Mizzou law sets the stage for women breaking boundaries in law school and beyond
The University of Missouri School of Law is driving forward equality in the legal profession by cultivating an ever-growing number of successful women lawyers. Out of 422 judges in Missouri, 138 are women. That’s just over 30 percent. Three of those women — all Mizzou Law graduates — sit on the bench of the state’s supreme court. Others serve on the court of appeals, circuit courts and as commissioners.
Below the surface of their impressive pedigrees and titles, what many of these women have in common is they attended law school at a time when few women did.
Last year, the MU School of Law had a first-year cohort that consisted of 56 percent women — a trend that follows a national movement of more women choosing to attend law school, positioning these institutions as key stakeholders in educating attorneys that will go on to serve their communities in a myriad of ways.
Paul Litton, interim dean of the School of Law, said a legal community that mirrors the society it represents ultimately produces better results.
“The public’s perception of lawyers affects their perception of the legal system in general,” Litton said. “I think for people to trust the legal system and the rule of law, it’s better that the profession reflects society.”
As more women enter the legal field, they expand traditional avenues for representation, allowing for people to receive counsel from lawyers with similar lived experiences. Further, more gender diversity in the legal profession positions women to take on leadership roles in government. Economically, studies show that more gender diverse organizations are more profitable.
All this to say that women’s role in shaping the legal profession here in Missouri remains a pivotal one — something for which an education at Mizzou Law provides a solid foundation.
A legacy in the making
In 2020, women outnumbered men in law school classrooms across the country for the fifth consecutive year, a report by Enjuris found. In 2018, Mizzou Law’s first-year cohort was 38% women, which ramped up to 48 percent in 2019, 46 percent in 2020, and hit a majority in 2021 at 51 percent for the first time. This past year, women made up 56 percent of the law school’s first-year class. These numbers, however, represent decades of progress toward equality.
“I knew that there were considerably fewer women in my class, and that being a female lawyer was unusual,” said Missouri Supreme Court Judge Mary Russell, who graduated from the MU School of Law in 1983, a year when one-third of the graduating class was women. “Back then, I certainly didn’t know any female lawyers. When I was in law school, there had never been a woman on the Supreme Court of Missouri or the court of appeals. In fact, there was only a handful of women judges in the whole state on the trial bench. It was in 1981, when Justice Sandra Day O’Connor had been appointed to the U.S. Supreme Court. But otherwise, it was virtually unheard of for a woman to be a judge.”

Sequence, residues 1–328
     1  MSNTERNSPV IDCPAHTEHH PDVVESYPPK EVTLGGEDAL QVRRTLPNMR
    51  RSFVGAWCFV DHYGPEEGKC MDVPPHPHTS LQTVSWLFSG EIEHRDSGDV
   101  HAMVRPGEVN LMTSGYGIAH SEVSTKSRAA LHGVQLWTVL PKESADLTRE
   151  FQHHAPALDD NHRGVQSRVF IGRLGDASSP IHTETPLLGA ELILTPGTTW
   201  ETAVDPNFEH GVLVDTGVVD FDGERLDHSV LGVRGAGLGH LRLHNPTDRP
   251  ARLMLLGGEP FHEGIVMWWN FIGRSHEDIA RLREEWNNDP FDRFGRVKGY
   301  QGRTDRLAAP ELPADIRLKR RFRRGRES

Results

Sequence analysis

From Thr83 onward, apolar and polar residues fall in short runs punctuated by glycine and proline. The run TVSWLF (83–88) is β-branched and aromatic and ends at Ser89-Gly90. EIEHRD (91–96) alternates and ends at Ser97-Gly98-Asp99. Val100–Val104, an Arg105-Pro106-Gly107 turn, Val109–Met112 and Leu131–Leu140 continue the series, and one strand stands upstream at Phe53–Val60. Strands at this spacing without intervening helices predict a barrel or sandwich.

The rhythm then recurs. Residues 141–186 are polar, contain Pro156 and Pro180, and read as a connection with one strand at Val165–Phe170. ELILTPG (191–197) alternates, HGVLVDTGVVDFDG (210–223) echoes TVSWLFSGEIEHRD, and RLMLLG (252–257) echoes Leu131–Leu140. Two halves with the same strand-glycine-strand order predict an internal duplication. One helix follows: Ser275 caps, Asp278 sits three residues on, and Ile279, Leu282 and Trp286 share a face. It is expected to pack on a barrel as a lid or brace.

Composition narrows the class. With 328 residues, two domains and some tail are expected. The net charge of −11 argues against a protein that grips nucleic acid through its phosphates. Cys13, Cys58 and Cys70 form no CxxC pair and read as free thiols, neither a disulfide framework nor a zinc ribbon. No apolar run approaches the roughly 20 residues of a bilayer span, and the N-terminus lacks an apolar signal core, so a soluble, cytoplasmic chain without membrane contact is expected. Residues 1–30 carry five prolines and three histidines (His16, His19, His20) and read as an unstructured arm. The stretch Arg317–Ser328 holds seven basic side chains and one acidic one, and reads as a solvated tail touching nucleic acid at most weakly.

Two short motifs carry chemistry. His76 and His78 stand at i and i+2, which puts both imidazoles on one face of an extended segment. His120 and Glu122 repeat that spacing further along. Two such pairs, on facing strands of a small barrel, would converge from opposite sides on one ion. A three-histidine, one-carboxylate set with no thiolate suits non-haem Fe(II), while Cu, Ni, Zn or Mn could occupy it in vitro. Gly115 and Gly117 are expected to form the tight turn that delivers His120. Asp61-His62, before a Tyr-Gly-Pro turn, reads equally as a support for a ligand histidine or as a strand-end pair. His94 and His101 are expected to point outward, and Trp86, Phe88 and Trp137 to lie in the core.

Raised on a dairy farm outside of Hannibal, Missouri, Russell always excelled in school. After dabbling in journalism through her undergraduate studies at Truman State University, she interned for a congressman in Washington D.C. She was also a reporter for her local newspaper in Hannibal and was assigned to the courthouse beat. It was there she saw law put into practice by attorneys every day.
“I had a couple of girlfriends who were a year ahead of me in college,” Russell said. “And they would write me letters because we didn’t have email or texting then. They would say, ‘Law school is not too hard. You need to come down and try it – the water’s fine.’ So, I thought OK, OK, I’ll go to law school because I felt I could help people.”
It was during her time at Mizzou Law in the early 1980s that Russell began to realize she could contribute more to the legal community than she ever dreamed, but like other women in those days, she never dreamed of aspiring to a judgeship.
Although much of her new confidence came from excelling in the program, Russell was especially inspired by the leadership of one of the law school’s trailblazers — Rhonda Thomas, the only woman faculty member at the time — who, in 2017, received the Citation of Merit award for her outstanding contributions to the legal profession and community.
“She had practiced out in the real world instead of just teaching in the classroom,” Russell said. “She was smart, and because she was the only woman we had as a role model, we absorbed everything she did and said, including what she wore; she was a big influence on us.”
Facing the (legal) music
While Mizzou Law provided an educational oasis secluded from some of the harsher realities of the legal profession, for which the school’s longtime professors took pains to prepare law students, the industry came with a whole set of build-in challenges.
Women attorneys in the ‘80s were a novelty, a minority hire. During post-graduation job searches, if a firm already had a female attorney on staff, Russell said there was no point in interviewing there because they’d already met their perceived quota.
In a field historically dominated by men, women were expected to present as career-driven at all costs. Taking time off to get married or start a family was a strike against a woman attorney and often impacted opportunities for career advancement.